From today, universities will no longer be able to hide behind the law to keep victims of sexual violence in the dark about the sanctions imposed on their aggressor.
“It’s reassuring to see that when we come together as a team, we can get things done,” says Véronique Pronovost, PhD student in sociology at UQAM.
He is one of a handful of students who successfully convinced lawmakers to approve the legislative change that goes into effect today.
Until now, students who filed a complaint of misconduct, harassment or sexual assault by a professor or another student had no right to know whether the institution decided to take action or not.
Ms. Pronovost knows this well: she herself filed a complaint against a professor at her university in the past. She never knew how the story of her own complaint ended.
The Act on the Protection of Privacy and Personal Data prohibits any employer from publishing information from the employee file, even in the case of sexual assault.
“I thought it was absurd,” says Martin Ouellet, PQ MP for René-Lévesque in the North Coast, who presented the proposed amendment in the National Assembly in February 2021.
After the work of the “collegiality” of the elected officials, the law on private life was amended so that the law on sexual violence in universities can also be amended.
At the request of the complainant, the institution can now publish whether or not the person concerned has been punished and how.
“This is a huge step to help victims come out of the shadows and restore confidence in the complaints process,” Mr Ouellet said.
not far enough
But for the students behind the reform, the change doesn’t go far enough in the required transparency.
For example, a lecturer may continue to harass his female students at one university, get fired, and then start again at another university.
Alexandra Dupuy was herself a student representative in the committee responsible for evaluating sexual violence prevention policies at UQAM.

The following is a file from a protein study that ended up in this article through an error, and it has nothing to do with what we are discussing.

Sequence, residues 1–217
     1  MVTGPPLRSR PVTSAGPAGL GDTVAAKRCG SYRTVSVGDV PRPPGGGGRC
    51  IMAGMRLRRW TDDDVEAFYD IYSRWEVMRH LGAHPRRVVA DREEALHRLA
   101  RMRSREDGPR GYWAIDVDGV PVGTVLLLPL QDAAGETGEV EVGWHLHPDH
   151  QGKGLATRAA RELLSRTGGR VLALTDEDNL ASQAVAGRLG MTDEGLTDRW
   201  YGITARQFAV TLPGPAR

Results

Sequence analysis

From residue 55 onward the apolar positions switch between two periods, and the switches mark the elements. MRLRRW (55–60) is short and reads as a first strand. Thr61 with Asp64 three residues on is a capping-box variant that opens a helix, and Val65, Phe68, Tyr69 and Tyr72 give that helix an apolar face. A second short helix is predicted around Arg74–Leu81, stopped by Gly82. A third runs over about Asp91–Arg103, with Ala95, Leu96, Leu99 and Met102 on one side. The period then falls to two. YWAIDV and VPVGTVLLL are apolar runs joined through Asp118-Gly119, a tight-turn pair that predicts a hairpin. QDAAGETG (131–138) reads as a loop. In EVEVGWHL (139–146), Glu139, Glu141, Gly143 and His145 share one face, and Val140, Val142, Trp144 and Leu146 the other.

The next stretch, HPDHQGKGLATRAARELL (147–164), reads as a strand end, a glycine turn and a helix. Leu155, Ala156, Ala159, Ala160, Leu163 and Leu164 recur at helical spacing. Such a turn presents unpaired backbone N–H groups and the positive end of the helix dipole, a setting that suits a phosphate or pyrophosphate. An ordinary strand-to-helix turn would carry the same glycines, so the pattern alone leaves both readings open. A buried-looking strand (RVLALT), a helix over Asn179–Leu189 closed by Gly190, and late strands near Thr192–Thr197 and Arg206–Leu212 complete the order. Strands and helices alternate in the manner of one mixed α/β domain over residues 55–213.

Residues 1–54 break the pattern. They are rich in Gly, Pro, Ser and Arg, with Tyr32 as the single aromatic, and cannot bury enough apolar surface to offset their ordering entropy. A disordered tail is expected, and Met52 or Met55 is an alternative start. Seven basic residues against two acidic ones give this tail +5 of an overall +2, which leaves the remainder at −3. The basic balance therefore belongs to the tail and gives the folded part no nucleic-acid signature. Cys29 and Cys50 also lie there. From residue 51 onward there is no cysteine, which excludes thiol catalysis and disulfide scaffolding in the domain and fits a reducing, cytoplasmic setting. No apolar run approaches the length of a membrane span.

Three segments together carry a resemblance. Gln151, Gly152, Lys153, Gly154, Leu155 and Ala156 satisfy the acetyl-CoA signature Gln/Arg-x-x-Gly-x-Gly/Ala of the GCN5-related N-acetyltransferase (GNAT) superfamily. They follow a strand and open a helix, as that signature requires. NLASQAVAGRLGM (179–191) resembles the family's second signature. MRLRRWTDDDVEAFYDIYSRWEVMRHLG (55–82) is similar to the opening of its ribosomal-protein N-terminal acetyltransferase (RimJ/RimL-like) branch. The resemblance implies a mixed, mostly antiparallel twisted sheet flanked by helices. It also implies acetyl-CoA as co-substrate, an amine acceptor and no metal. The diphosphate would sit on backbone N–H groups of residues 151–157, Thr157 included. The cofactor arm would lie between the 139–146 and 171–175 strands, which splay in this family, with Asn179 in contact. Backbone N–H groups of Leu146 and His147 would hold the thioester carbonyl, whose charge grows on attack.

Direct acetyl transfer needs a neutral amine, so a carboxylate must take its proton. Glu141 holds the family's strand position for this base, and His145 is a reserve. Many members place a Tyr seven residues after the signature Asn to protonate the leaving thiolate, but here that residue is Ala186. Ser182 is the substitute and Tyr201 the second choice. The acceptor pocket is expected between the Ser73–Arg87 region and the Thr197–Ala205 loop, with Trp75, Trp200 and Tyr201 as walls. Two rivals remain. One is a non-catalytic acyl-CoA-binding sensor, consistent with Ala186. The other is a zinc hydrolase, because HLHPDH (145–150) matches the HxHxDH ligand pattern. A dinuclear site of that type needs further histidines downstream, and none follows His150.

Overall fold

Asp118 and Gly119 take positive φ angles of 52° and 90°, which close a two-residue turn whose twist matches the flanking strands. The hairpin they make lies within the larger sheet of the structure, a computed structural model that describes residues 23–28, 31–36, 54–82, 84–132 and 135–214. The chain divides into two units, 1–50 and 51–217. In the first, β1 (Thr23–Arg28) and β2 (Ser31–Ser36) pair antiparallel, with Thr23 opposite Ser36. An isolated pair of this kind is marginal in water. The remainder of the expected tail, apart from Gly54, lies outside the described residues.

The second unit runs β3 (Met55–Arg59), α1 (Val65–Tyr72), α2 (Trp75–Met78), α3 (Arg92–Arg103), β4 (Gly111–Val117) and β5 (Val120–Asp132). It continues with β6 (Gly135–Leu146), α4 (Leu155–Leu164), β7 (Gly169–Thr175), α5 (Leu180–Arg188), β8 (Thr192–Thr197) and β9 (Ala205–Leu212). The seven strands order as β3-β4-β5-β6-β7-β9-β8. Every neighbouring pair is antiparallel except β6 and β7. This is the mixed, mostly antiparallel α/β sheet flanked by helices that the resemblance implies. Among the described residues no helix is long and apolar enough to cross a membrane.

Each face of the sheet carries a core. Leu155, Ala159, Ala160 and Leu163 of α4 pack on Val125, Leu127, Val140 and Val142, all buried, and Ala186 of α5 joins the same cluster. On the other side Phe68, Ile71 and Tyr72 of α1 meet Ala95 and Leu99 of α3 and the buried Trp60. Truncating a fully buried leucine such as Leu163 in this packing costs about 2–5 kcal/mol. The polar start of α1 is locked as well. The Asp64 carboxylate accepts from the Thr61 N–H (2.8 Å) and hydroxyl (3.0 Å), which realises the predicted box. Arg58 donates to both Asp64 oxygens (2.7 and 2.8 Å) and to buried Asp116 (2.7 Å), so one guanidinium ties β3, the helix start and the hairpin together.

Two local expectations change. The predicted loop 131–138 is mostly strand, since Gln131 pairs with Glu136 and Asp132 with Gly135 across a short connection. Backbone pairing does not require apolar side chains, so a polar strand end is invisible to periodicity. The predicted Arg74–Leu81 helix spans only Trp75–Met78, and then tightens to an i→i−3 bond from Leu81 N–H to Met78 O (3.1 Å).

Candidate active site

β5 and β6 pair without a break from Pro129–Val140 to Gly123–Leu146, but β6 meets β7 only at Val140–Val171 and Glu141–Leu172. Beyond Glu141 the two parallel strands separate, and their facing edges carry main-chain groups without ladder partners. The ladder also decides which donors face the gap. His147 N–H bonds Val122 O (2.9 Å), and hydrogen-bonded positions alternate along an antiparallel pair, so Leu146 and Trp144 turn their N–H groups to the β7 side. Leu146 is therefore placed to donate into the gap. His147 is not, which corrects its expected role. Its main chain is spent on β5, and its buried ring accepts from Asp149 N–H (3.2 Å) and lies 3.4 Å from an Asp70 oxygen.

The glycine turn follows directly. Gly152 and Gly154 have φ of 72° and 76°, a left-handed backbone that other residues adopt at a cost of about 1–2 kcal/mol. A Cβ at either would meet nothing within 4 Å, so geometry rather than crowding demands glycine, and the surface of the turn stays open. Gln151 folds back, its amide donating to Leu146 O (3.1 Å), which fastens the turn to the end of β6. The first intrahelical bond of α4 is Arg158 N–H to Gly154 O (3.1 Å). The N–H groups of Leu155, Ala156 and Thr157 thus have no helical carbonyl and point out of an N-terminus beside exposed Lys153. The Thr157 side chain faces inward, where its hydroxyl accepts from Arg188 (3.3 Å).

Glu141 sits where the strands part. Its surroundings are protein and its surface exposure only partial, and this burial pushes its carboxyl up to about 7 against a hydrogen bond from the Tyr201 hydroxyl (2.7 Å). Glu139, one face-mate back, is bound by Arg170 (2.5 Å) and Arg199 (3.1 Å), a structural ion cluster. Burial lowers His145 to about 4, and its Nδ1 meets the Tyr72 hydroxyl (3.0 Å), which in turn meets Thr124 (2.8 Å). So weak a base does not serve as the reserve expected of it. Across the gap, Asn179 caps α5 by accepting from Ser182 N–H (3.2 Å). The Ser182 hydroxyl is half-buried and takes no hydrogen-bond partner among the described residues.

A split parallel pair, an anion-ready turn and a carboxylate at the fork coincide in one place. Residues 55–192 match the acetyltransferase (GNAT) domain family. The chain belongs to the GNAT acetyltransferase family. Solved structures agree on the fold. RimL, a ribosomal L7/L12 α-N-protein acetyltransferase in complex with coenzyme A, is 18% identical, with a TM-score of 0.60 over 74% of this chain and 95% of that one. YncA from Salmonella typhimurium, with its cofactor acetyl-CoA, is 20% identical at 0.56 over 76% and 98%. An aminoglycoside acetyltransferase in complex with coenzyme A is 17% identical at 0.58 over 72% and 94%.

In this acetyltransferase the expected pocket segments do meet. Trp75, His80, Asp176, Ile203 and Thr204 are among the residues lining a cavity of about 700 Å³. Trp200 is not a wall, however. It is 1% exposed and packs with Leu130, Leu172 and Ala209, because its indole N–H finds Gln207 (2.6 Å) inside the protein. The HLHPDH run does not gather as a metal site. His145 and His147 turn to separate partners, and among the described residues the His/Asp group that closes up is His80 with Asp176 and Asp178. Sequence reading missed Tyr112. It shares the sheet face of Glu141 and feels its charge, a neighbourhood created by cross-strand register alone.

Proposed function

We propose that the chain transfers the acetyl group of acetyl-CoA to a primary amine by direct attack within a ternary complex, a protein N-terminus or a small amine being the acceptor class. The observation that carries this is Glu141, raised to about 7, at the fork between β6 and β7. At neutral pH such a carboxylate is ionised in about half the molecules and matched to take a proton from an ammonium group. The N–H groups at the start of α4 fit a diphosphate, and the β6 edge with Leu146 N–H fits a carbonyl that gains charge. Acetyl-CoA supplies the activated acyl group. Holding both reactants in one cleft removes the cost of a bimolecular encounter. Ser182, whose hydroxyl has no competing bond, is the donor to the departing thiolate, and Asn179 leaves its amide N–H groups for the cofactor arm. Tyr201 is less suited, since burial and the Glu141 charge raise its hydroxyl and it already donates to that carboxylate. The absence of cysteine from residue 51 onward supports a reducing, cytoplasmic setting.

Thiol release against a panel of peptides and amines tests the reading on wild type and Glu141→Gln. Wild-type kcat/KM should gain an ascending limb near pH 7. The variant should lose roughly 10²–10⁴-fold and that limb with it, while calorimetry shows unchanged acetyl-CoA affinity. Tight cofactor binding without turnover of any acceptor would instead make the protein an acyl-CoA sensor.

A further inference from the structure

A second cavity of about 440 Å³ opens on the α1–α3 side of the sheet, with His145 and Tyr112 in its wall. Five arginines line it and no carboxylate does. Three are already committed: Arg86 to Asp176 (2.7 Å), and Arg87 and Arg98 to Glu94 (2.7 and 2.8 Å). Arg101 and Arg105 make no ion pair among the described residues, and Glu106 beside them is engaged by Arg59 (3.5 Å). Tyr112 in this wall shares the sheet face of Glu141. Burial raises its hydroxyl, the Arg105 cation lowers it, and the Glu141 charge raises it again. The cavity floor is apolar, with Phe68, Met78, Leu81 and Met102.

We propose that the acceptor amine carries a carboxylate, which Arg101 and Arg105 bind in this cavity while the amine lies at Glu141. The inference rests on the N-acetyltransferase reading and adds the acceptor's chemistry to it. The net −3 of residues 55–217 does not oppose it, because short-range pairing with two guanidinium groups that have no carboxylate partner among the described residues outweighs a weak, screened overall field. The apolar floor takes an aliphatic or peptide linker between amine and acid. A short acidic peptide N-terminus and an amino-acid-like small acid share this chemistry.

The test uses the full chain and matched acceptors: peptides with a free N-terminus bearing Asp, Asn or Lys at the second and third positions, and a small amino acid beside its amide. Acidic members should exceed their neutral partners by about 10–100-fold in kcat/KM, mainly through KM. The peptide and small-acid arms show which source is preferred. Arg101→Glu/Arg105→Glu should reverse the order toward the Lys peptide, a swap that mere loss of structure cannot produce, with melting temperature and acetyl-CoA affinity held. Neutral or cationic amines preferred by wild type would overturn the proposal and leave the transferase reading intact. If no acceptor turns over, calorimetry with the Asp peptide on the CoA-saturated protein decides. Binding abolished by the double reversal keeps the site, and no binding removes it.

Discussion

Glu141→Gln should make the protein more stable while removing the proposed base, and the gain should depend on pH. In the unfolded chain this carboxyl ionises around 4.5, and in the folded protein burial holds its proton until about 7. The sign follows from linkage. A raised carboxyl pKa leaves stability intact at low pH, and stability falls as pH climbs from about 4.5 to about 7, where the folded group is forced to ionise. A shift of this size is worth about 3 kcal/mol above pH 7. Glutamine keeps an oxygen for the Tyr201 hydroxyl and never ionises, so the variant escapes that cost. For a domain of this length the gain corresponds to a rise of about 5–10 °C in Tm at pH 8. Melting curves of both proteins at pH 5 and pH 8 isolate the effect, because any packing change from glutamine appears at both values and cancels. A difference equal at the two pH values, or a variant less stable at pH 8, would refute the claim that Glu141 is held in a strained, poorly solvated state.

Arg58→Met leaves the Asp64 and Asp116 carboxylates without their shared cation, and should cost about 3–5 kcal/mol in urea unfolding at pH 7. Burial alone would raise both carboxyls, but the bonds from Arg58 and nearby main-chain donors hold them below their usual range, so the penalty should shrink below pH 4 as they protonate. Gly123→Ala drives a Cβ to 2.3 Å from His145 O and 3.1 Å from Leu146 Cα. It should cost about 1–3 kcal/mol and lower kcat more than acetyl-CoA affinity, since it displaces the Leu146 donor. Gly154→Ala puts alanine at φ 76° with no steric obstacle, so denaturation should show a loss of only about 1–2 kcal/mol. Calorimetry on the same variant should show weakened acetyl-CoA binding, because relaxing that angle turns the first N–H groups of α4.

She and her colleagues had no right to know what sanctions were given to teachers. It won’t change even after the reform, he laments.
No one except the administration has an overview” of the imposed sanctions, their consistency or relevance.
“For me, the most abnormal thing is the lack of leadership from the universities. They didn’t do anything to try to change the law,” notes Véronique Pronovost, despite all the testimonies of victims disappointed and hurt by the complaints process.
The students managed to change it. “But that shouldn’t be our job. Our task is to study and do research,” he concludes.
Two classes of victims
“It’s clearly a good thing that we’re taking care of [ce sujet-là]. But the devil is in the details,” says Finn Makela, professor of labor law at the University of Sherbrooke.
In particular, he notes that the reform creates “two classes of victims”. A person who becomes a victim of psychological harassment at university will have no more right than before to know the sanctions imposed on his harasser, because there is no sexual dimension to it, he explains.
In addition, it is not excluded that the reform will be challenged in court under the Quebec Charter of Rights and Freedoms, believes Mr. Makela.
Be informed but be quiet
Universities and CEGEP could require complainants to remain silent before revealing the sanctions imposed on the professor, a scenario many students fear.
A prosecutor who chooses to disclose the sanctions imposed on his aggressor could be “exposed”. […] to court proceedings”, we can read in the document of the Ministry of Higher Education about the reform, which came into effect today.
In order to avoid damage to their reputation or prosecution, it is very likely that CEGEP and the universities will decide to make complainants sign confidentiality agreements who want to use their new right to be informed.
“I wouldn’t be surprised if they were [les institutions] do it all,” admits Finn Makela, professor of labor law at the University of Sherbrooke.
Word or complaint?
“We are still beginning to reproduce the system of silence around the complainant,” summarizes Véronique Pronovost.
In fact, some universities already require a non-disclosure agreement to be signed…before filing a complaint.
This was reported by a user Press in an article about the case of Samuel Archibald, an ex-professor accused by UQAM of “serious acts” of a sexual nature.
“It’s unacceptable,” outraged Alexandra Dupuy, who has heard of several examples of such agreements.
“These are very broad confidentiality agreements. In my opinion, it’s too broad,” said Michaël Lessard, a member of the Barreau du Québec and a doctoral student at the University of Toronto.
He gives the example of a student who, after signing, might believe he has no right to talk about his experience to a psychologist or the police in order to file a criminal complaint.
At the time of publication last night, UQAM had not responded to our questions.